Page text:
On summary judgment, CACI asserts that the arbitration award should be vacated because the arbitrator manifestly disregarded the governing law in concluding (i) that all of Faraci's claims were arbitrable, whether or not she had exhausted her administrative remedies; (ii) that the discriminatory animus of Faraci's supervisor could be imputed to CACI's formal decisionmaker where, as here, there was evidence that the supervisor's animus infected the decision to terminate Faraci; (iii) *533 that the evidence warranted a finding that Faraci was discharged because of her gender; and (iv) that the evidence warranted a finding of hostile work environment.

    A.

    With respect to the first issue, CACI contends that because Title VII's exhaustion requirement applies with equal force to arbitration, the arbitrator manifestly disregarded the law in concluding that all of Faraci's claims were arbitrable, whether or not they had been administratively exhausted. To begin with, it is well-settled that "statutory claims may be the subject of an arbitration agreement, enforceable pursuant to the" Federal Arbitration Act. Gilmer v. Interstate/Johnson Lane Corp., 500 U.S. 20, 26, 111 S. Ct. 1647, 114 L. Ed. 2d 26 (1991). Thus, a party may agree to arbitrate Title VII claims without forgoing the substantive rights afforded by the statute. Id. As such, CACI contends that exhaustion is a substantive right under Title VII, and thus a condition precedent to a viable Title VII action. Therefore, CACI argues that the arbitrator manifestly disregarded the law when she concluded that the party's arbitration agreement did not include such a condition precedent and determined that all of Faraci's claims were arbitrable.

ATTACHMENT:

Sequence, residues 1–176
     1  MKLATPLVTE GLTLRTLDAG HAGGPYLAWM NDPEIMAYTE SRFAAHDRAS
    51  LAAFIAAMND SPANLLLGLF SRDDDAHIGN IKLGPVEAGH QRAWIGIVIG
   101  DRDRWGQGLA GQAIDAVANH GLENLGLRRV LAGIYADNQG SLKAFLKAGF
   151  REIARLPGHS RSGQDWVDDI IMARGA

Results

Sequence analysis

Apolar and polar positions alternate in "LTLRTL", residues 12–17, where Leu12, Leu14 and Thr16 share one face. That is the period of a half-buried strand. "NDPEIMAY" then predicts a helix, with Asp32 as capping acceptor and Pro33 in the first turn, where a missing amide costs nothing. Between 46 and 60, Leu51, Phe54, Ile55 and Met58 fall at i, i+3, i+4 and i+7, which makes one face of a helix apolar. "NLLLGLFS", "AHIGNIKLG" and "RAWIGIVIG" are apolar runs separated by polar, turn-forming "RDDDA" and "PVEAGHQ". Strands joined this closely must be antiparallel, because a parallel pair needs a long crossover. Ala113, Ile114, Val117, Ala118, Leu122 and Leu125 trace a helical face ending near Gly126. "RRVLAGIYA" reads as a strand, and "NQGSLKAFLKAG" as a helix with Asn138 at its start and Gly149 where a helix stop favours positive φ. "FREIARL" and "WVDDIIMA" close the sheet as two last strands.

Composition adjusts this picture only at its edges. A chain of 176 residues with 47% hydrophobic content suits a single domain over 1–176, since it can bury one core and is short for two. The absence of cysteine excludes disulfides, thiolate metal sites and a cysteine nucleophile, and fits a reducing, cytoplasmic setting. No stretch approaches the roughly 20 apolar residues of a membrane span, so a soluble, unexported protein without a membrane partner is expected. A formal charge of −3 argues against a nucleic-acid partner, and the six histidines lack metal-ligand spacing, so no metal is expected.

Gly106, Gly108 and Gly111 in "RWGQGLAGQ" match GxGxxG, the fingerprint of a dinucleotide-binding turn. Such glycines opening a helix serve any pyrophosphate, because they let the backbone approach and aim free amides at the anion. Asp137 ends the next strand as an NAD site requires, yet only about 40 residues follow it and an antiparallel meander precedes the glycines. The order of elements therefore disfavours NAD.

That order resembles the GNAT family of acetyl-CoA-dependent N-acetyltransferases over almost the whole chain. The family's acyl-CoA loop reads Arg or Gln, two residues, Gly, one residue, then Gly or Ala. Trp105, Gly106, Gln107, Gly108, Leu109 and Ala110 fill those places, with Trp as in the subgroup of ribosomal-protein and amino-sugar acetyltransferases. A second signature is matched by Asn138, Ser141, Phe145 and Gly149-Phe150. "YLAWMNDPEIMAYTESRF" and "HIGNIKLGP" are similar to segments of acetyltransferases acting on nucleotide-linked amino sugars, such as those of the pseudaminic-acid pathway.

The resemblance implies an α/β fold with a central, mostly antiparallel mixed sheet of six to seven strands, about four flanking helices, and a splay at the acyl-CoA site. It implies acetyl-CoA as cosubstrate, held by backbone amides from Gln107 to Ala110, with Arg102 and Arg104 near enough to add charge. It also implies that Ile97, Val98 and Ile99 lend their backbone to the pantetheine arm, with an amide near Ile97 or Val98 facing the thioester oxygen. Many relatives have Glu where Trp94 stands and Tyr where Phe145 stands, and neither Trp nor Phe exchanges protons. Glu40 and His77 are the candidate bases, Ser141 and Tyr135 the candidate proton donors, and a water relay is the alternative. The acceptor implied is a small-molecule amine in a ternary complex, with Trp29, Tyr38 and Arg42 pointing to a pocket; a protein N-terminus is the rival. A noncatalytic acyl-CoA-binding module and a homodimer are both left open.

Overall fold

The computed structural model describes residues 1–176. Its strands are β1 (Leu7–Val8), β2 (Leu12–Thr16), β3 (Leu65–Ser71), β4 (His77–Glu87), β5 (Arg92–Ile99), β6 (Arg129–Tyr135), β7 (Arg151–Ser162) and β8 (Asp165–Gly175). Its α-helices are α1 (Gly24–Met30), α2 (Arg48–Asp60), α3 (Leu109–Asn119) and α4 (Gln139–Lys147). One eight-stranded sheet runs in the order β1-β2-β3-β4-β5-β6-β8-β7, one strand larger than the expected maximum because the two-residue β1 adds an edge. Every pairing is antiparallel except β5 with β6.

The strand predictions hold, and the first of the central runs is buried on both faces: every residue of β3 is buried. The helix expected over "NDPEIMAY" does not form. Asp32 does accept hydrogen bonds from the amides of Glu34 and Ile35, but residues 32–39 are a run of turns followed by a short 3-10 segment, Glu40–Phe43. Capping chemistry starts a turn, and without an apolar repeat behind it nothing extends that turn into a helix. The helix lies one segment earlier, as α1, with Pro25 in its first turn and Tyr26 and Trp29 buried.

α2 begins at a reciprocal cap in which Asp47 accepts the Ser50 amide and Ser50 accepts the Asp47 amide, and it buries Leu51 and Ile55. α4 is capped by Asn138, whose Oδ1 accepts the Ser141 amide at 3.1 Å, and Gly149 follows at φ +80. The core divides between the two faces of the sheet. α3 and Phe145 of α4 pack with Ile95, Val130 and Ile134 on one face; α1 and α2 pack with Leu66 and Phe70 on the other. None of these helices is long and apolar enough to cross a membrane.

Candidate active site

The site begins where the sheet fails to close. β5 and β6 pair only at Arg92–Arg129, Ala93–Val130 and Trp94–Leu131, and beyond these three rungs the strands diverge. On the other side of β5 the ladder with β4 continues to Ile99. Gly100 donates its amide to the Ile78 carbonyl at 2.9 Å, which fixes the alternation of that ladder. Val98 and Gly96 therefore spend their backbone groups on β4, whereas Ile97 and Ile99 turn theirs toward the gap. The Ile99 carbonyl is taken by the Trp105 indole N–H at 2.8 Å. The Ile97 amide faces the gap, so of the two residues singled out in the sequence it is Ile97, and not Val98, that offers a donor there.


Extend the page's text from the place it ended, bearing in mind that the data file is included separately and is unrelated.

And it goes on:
Here, the parties correctly agree, that under the arbitration agreement any and all claims of arbitrability are solely for the arbitrator to decide. As the Supreme Court has explained, questions of "arbitrability" are those "gateway questions" that will determine whether the underlying controversy will proceed to arbitration on the merits. Hawsam v. Dean Witter Reynolds, 537 U.S. 79, 83, 123 S. Ct. 588, 154 L. Ed. 2d 491 (2002). Thus, arbitrability questions include whether a condition precedent to arbitration has been fulfilled, including prerequisites such as "waiver, delay, or a like defense to arbitrability" and "time limits, notice, laches, estoppel and other conditions precedent to an obligation to arbitrate." Id. (holding that the timeliness of an arbitration dispute is a gateway question for the arbitrator to decide). Thus, it was proper for the arbitrator here to decide whether Faraci fulfilled all conditions precedent to arbitration, namely whether she was required under the contract to exhaust her administrative remedies.